The health department just got a huge chunk of money from the federal government to support North Carolina’s opioid response. These funds are critical to support North Carolinians whose mental health has worsened during the pandemic.
Remind Me – What’s The Deal With The Opioid Crisis?
Prescription opioids, such as Vicodin, OxyContin, and Percocet, are prescribed by physicians to treat pain. Unfortunately, opioids can be extremely addictive, especially if taken in large doses or for a long period of time. For years opioid manufacturers lied to doctors and to the public about the addictive potential of their drugs. As a result, millions of Americans became addicted to the painkillers their doctors had prescribed and developed opioid-use disorders. Some people with an opioid-use disorder go on to use other opioid-like drugs such as heroin or synthetic opioids like fentanyl, which can be even more deadly.
In recent years, public health measures to combat the opioid crisis were making a real difference. From 2017-2018 the overall death rate from drug overdoses in the US fell by 4.1%. The death rate from overdoses involving prescription opioids fell by 13.5%.
New Funding Will Help Address Worsening Mental Health Trends During The Pandemic
However, since the pandemic began, the situation has gotten much worse. The stress of the virus plus the social isolation caused by shelter in place orders has led to a resurgence of substance abuse and other mental health problems. Since last year, there has been a 21% increase in opioid overdose-related emergency room visits, despite a decrease in emergency room visits overall.
New Funding Will Give North Carolina’s Opioid Response A Needed Boost
SAMHSA (the Substance Abuse and Mental Health Services Administration) recently awarded North Carolina a $35 million opioid response grant.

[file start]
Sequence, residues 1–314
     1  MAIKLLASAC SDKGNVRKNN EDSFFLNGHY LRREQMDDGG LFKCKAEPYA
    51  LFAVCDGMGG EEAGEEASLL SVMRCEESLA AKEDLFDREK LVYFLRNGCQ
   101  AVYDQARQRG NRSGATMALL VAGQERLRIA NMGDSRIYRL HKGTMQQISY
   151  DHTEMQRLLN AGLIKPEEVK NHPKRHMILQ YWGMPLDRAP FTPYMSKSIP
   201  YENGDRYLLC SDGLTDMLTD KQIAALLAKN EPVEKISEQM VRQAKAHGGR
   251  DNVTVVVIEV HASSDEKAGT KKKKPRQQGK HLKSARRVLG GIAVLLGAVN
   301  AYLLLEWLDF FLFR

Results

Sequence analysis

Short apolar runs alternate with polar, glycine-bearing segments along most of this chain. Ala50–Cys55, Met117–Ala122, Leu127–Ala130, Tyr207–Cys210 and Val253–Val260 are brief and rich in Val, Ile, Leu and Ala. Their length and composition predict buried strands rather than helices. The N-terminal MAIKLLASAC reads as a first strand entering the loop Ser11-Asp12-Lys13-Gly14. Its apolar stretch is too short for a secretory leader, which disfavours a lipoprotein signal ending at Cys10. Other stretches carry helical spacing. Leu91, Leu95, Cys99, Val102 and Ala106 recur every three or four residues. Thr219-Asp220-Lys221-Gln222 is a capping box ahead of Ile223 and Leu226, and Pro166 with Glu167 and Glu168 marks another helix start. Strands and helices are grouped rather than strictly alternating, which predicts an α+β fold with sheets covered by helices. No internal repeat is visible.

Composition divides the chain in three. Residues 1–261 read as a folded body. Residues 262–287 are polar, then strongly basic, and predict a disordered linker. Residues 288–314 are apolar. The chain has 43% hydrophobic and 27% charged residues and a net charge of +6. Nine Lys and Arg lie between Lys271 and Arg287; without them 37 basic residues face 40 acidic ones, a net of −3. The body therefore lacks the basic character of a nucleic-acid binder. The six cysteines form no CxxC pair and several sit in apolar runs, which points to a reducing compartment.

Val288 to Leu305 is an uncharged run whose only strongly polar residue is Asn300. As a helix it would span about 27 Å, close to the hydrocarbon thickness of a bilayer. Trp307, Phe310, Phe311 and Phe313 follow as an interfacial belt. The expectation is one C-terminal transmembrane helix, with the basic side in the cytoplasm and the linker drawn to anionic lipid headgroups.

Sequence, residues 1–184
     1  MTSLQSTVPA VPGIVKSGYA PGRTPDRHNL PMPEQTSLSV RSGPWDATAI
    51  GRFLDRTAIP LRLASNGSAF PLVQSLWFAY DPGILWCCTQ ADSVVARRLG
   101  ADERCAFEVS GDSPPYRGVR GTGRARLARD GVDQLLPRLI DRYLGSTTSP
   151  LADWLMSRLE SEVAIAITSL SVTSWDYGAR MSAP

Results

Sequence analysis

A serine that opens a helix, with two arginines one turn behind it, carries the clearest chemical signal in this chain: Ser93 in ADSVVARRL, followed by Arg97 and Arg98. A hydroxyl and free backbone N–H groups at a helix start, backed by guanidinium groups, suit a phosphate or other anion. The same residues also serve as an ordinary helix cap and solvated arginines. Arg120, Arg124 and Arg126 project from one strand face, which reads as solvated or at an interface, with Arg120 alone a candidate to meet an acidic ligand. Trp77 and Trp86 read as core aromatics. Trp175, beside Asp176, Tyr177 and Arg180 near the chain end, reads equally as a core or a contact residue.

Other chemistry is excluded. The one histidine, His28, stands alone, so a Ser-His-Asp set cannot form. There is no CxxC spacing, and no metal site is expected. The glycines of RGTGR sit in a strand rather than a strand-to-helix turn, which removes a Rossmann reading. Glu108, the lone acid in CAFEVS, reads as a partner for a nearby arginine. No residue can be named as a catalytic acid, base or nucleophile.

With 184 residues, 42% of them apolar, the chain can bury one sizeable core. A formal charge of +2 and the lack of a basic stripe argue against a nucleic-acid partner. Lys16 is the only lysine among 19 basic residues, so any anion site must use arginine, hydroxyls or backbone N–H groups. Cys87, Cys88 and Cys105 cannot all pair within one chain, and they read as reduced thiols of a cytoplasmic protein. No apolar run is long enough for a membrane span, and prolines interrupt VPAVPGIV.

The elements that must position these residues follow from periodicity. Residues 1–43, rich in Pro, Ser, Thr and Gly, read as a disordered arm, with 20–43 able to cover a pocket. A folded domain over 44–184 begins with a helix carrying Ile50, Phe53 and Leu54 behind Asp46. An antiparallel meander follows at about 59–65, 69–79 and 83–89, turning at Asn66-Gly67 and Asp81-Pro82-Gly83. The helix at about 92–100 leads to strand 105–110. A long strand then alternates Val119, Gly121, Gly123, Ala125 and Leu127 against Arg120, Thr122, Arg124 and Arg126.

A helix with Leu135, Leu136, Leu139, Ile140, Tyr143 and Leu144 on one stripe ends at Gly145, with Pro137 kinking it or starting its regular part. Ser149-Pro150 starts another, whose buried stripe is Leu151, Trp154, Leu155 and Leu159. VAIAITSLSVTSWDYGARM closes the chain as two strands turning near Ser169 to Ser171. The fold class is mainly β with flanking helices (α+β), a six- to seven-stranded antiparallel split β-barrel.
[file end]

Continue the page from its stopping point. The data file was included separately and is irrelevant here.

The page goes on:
This funding will provide life-saving treatment, recovery and prevention services for a portion of the estimated 114,000 North Carolinians that are uninsured and living with a substance use disorder – a number we know is growing in the midst of this pandemic…. While this federal funding will save lives, it will not come anywhere close to meeting the need and leaves our best tool on the table – expanding Medicaid.”DHHS Secretary Mandy K. Cohen, M.D.
North Carolina’s opioid response focuses on three pillars; prevention, harm reduction, and connecting patients to care. For example, prevention often means reducing the number of inappropriate opioid prescriptions. North Carolina’s opioid prescription rate is about 10% higher than the national average. Harm reduction includes expanding access to naloxone, the medication that can reverse opioid overdoses.
Finally, to connect patients to care, we need to make sure there are enough physicians to connect them with. Project Office-Based Opioid Treatment notes that less than 3% of NC physicians are licensed to provide medication assisted-treatment (MAT), the gold standard for treating opioid-use disorders. Most of the SAMMSA grant money will go towards providing MAT.
Read more about the uncertainty surrounding mental health and addiction treatments during COVID-19.